‘ELEEMOSYNARY’ A Journey Between Generations

Playing through Oct. 29, 2016 in New York City
Playing through Oct. 29, 2016 in New York City

The word eleemosynary is not one that usually pops up in every day conversation. Saying it is one thing, but being able to spell it is quite another.  Eleemosynary, is a favorite word of Echo, a young girl in the play of the same name which is currently running now through Oct. 29, 2016 at the John DeSotelle Studio NuBox Theater. Written by Lee Blessing, the play is an intense look at the relationships between three generations of women.  It features a well-developed storyline and superb acting. All of this allows the audience to experience the journey that the three women are on as well as speaking directly to the emotions we all carry with us from our own life experiences.

ELEEMOSYNARY was first performed in 1985 in Minneapolis. Since then it has been performed in a variety of locations and theaters including a stop at Manhattan Theater Club. This version is directed by Alexandra Scordato, and it features a trio of female actors who give themselves over completely to their characters.  The story is told through flashback scenes that intertwine with the actual time in which the play takes place.

Dorothea is a woman who had ideas about how she wanted to live her life that conflicted with the accepted norms for women of the time. After high school, she dreamed of going on to college. But she grew up in a time when women were supposed to marry as soon as possible and that is what awaits Dorothea. As a result, she feels lost until one day when she learns what the word “eccentric” means. She is so taken with that word that she adopts it to describe herself. And she does many things to live up to it including the way she raises her daughter, Artie. One very memorable scene shows Dorothea trying to get Artie to fly. Artie is wearing a set of wire and mesh wings and with her mother’s encouragement, is being told to go to a high ledge and jump off and fly. Mom tells her to believe she can fly and she will. The common sense that Artie has conflicts with her mother’s request and she wisely does not jump.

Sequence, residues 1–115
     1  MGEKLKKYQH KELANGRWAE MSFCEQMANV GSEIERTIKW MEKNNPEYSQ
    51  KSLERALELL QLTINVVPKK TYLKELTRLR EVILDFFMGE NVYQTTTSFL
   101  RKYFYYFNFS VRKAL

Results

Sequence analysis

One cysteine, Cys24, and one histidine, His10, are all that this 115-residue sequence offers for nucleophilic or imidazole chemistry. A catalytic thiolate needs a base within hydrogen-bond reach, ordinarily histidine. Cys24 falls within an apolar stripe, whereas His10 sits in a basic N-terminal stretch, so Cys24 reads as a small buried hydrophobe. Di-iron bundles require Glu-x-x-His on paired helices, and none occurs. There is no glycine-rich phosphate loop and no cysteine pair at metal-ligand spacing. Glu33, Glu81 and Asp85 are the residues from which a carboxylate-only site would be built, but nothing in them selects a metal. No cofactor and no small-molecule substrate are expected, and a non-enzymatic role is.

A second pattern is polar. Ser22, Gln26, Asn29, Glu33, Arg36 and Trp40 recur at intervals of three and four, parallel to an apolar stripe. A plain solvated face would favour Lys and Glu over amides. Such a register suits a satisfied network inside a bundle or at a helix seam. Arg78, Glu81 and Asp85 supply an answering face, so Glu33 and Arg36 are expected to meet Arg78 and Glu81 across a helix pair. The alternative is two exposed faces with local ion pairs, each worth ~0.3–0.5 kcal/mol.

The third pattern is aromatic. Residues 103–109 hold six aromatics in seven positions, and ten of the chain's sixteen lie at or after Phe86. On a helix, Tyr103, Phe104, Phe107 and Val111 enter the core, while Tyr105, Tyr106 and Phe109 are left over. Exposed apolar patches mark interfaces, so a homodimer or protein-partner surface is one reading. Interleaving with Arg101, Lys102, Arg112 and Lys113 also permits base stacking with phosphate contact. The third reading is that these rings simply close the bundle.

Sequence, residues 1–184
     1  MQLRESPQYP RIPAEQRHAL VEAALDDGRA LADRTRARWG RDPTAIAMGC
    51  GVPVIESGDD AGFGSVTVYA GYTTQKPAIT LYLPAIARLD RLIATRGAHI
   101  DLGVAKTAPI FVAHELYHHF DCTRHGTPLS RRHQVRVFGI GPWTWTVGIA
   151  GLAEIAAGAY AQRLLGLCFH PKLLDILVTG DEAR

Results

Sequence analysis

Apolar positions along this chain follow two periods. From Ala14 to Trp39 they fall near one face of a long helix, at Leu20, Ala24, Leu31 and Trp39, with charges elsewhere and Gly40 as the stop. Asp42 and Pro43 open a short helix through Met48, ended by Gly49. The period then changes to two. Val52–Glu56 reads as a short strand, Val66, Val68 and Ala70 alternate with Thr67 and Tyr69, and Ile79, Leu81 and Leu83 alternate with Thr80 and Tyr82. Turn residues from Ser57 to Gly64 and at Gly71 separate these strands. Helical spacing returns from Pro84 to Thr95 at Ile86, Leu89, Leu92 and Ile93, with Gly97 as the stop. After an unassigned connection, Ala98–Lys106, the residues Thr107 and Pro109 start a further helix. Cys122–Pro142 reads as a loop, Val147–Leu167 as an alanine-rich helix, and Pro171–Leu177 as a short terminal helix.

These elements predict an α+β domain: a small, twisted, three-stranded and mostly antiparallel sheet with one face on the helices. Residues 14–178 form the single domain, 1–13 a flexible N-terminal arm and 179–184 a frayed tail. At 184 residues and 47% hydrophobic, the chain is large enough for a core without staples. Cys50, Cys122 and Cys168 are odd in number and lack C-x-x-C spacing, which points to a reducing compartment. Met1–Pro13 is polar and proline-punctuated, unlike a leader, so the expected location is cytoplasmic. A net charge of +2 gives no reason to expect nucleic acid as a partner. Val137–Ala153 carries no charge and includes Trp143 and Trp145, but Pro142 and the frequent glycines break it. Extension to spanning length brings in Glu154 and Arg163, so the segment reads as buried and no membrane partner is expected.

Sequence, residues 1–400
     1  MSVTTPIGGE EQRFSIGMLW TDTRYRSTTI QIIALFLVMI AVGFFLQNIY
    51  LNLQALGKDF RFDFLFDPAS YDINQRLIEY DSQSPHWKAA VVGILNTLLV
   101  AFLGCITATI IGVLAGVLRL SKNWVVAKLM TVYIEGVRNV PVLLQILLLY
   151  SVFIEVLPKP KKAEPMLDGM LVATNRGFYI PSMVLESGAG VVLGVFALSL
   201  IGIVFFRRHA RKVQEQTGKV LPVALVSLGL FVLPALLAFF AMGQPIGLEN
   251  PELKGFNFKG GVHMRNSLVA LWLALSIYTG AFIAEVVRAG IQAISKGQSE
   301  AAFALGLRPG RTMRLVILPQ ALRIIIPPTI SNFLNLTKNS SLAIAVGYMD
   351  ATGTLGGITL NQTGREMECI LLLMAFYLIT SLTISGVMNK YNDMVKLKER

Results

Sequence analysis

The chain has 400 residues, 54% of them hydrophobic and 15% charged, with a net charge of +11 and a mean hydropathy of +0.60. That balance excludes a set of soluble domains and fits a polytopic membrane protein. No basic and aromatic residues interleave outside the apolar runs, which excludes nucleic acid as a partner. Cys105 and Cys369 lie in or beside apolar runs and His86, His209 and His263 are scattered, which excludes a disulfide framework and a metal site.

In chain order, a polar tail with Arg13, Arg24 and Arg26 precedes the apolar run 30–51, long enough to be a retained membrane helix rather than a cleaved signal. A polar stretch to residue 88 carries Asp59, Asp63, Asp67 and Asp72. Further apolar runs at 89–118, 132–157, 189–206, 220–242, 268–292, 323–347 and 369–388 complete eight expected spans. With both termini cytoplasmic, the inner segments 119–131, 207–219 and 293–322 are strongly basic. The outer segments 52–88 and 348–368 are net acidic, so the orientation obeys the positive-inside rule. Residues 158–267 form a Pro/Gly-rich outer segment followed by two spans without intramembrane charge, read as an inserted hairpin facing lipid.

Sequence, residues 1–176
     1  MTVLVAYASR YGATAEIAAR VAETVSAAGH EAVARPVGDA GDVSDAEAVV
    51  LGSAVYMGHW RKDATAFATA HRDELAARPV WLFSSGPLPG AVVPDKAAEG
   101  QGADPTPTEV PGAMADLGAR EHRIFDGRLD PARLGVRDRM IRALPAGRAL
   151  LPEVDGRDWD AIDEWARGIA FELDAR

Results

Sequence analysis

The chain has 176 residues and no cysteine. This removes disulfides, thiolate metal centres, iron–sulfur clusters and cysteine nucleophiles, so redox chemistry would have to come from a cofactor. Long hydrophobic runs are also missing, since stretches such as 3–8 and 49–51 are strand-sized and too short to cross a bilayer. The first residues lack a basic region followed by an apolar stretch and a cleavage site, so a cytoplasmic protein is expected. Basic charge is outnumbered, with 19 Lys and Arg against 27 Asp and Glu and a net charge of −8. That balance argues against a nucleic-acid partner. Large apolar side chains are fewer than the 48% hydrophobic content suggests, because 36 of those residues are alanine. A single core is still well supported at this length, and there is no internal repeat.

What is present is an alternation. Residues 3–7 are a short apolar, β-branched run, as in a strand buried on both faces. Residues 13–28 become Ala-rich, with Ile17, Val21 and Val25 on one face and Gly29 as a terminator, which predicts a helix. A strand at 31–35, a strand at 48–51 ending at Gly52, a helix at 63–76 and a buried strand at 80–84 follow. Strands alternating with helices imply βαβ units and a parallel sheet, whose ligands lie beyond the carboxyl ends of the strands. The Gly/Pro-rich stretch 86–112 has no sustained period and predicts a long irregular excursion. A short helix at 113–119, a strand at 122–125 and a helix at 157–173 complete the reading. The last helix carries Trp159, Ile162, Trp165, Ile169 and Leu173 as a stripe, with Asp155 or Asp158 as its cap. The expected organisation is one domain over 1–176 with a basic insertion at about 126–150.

These types of conflicts occur throughout their lives resulting in communication breaking down. Always at the base is the expectation to be extraordinary particularly as articulated by Dorothea. Artie runs away to live her own life several different times. She graduates college, goes to graduate school, and eventually devotes her career to research which does impress mother Dorothea but that point is never really made clear to Artie until much later. She also marries and has a child who goes to live with her grandmother, Dorothea.

In many ways, the child, Echo, has some of the best characteristics of her mother and grandmother. She is very smart and she excels at spelling so much that she becomes a national champion. And yes the word “Eleemosynary” is key in the contest. However, even more important than her being smart, Echo understands both of the women in her life and she is able to communicate with them both. She becomes the bridge between Dorothea and Artie so that eventually, a form of forgiveness arrives to soothe some of the feelings of conflict.

The intensity of the journey to reach this bridging of the communication provides an audience with opportunities to see three women performing their roles in a manner that creates and shapes characters who are hard to forget. Marina Barry creates Dorothea in a high energy, enthusiastic format. Her Dorothea is lovely when she is with Echo and over the top in terms of having sense when dealing with Artie. She succeeds in creating the interfering mother who you cannot stand to be around. Zoe Van Tieghem plays Echo with a calm, self-assured manner needed to convince the audience that she can bridge the gap between her mother and grandmother. The character of Echo is strong and she has the determination and perseverance to make it happen. Playing what might be the most challenging role of the show is Shana Wiersum as Artie. She portrays Artie as a woman who does what she needs to do in order to stay calm and centered. Doing this is not easy for the character and it causes her to have to cut off contact with her mother and at one point Echo too. It’s hard to tell what Artie is thinking or feeling at times because Ms. Wiersum does a fine job in playing the character holding back emotion and not allowing things to come to her that will hurt her as she has been in the past.

For people who want to see a good drama about family conflicts, this is a good choice to go to see. Unless the run is extended, it will close this weekend, on Oct. 29.

Run Time: 95 minutes (approx)

Written by: Lee Blessing

Director: Alexandra Scordato

Location: John DeSotelle Studio, NuBox Theater, 300 W. 43rd Street, New York City

Performances: October 14, 16, 17, 20, 21, 24, 26, 27, 28, 29 at 7:30 p.m. and a 2:00 p.m. matinee on October 29

Contact for Info and Tickets: Wind River Productions

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